South Sudan leaders must honour peace agreement, says Bishop
An Anglican bishop has called on President Kiir and his rival Marchar to orer their foces to cease hostilities and to respect he Khartoum declaration on the cessation of violence.
Bishop Hillary Hillary Luate Adeba, Bishop of the Episcopal Diocese of Yei, made the appeal in an address to thousands of worshipers at the Emmanuel Cathedral in Yei River State last Sunday, 1 July.
“Our President Salva Kiir and opposition leader Riak Machar (should) truly and truly make sure that they begin to inform their forces on the ground that the agreement has been signed and no need for war again,” he said.
“Many agreements have been signed in Addis-Ababa but down in Lasu, Ombaci, and Mukaya and all over Yei River state, the people holding guns tend to ignore and violate whatever has been signed,” Bishop Adeba argued. He told leaders to ensure that their military forces honour peace agreements.
The Bishop said the time has come to end the suffering of the people of South Sudan. “To us it means our people will be allowed to move to the towns and to the rural areas. We also believe that there will be no gun shots, killings and displacements.”
He expressed hope that the cease fire will allow humanitarian aid to the regions desperately in need of help.
President Salva Kiir Mayardit and his former Vice President Dr.Riek Machar, who turned rival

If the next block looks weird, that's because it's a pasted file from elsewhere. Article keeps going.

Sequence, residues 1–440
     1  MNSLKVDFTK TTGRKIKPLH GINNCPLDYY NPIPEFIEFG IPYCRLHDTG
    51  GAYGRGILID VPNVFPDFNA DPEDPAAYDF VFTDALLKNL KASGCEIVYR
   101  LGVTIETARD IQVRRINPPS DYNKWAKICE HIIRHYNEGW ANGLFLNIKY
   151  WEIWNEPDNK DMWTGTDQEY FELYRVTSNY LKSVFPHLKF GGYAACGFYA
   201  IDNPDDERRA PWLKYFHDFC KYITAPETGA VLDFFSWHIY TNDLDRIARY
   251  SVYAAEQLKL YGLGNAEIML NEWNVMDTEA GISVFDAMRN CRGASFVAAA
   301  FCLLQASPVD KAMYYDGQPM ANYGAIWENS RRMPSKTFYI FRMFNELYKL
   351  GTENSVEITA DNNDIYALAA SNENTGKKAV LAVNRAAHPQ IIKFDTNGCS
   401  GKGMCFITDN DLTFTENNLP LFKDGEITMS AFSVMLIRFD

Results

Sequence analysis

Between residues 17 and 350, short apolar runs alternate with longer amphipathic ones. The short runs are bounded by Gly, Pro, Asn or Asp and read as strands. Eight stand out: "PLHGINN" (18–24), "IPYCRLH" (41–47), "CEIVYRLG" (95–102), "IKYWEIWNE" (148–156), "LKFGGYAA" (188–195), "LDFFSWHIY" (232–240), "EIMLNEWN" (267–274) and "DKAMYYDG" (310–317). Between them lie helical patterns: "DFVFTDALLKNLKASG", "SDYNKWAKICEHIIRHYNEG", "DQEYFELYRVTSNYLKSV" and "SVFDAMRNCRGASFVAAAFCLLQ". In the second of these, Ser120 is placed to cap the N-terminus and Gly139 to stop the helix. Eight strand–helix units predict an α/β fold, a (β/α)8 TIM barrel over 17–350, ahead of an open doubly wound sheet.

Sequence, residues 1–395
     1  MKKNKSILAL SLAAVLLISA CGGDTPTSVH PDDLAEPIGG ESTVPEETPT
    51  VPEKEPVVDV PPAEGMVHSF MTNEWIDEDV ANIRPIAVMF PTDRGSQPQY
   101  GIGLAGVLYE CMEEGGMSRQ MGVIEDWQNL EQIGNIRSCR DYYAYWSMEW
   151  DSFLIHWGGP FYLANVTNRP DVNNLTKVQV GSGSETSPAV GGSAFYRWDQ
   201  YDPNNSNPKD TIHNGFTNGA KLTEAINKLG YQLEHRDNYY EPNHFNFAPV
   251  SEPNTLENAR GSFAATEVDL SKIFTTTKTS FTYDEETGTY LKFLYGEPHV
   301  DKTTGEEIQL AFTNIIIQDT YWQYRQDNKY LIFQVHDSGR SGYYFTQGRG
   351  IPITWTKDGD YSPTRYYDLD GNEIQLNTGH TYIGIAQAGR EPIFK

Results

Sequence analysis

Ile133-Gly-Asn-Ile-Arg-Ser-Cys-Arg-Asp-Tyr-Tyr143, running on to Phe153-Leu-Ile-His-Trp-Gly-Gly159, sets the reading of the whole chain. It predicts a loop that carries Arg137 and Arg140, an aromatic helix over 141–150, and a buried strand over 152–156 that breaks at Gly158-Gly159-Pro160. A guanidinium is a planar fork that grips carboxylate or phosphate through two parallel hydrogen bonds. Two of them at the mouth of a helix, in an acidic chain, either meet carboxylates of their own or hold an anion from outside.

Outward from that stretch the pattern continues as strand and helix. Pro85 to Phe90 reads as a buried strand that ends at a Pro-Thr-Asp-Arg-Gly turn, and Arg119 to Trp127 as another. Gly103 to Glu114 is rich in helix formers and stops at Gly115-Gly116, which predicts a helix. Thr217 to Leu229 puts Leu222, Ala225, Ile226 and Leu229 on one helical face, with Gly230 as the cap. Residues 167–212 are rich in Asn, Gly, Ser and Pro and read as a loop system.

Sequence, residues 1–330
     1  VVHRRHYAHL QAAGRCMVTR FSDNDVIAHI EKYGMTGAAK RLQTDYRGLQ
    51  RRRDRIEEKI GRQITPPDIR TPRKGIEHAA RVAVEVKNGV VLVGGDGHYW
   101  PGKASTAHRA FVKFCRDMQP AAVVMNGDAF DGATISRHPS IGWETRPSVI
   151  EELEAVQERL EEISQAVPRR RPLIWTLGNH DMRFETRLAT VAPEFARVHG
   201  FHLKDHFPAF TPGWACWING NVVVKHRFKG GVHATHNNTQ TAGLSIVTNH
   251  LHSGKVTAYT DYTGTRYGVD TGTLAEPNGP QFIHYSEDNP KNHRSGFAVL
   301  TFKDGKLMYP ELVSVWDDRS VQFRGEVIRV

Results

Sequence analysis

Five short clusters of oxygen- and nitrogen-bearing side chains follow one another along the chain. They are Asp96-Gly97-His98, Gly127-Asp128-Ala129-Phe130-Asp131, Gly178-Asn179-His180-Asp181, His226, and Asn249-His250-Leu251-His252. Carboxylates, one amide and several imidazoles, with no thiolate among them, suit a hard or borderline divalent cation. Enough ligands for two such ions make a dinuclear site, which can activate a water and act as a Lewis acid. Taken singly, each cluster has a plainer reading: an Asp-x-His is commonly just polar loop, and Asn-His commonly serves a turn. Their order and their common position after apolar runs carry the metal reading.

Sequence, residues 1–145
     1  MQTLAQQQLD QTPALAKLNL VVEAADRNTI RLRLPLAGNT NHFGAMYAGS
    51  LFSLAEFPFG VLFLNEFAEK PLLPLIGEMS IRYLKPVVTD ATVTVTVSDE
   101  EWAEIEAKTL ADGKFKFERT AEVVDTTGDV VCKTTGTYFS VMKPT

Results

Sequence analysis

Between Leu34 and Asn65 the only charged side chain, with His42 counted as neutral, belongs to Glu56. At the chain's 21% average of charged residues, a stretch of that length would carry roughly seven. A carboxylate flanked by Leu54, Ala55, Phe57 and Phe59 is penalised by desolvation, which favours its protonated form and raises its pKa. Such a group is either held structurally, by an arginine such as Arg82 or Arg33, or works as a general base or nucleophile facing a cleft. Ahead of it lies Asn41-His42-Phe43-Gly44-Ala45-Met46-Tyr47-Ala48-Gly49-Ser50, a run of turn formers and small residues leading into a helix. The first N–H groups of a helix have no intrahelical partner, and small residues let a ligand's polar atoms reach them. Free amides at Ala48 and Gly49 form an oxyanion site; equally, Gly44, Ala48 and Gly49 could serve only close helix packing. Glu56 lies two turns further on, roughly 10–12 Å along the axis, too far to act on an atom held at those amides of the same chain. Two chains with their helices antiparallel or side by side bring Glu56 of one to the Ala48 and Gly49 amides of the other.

and set up a militia that fought to overthrow the government, costing thousands of lives, signed a four page “Khartoum Declaration of Agreement Between Parties of the Conflict of South Sudan” on the 27th June 2018 in Khartoum to end the war that has dévastée the youngest nation in the world for many years.
The hope for the signing of the agreement for the South Sudanese is that it will pave a way for a transition into an election that will produce a new set of leaders for the country.
But the hope for this is equally being threatened as the parliament, which supports the president, are proposing to extend Salva Kiir’s term in office for another three years. Their argument is “if they don’t extend it there will be anarchy and war. You’ll have a country without a government,” a politician Atem Garang said.
But the opposition in Parliament, Lam Paul Gabriel said the idea was “definitely illegal” and “anti-peace.”
“It is contradictory to be working for a peace settlement of the political crisis while at the same time fostering the extension of the government’s mandate,” Edmund Yakani, director of the Community Empowerment for Progress Organization, said.
South Sudan plunged into a civil war soon after independence killing tens of thousands and creating the largest refugees crises in Africa.
Hassan John is West Africa Editor, GCN and priest of the Anglican Diocese of Jos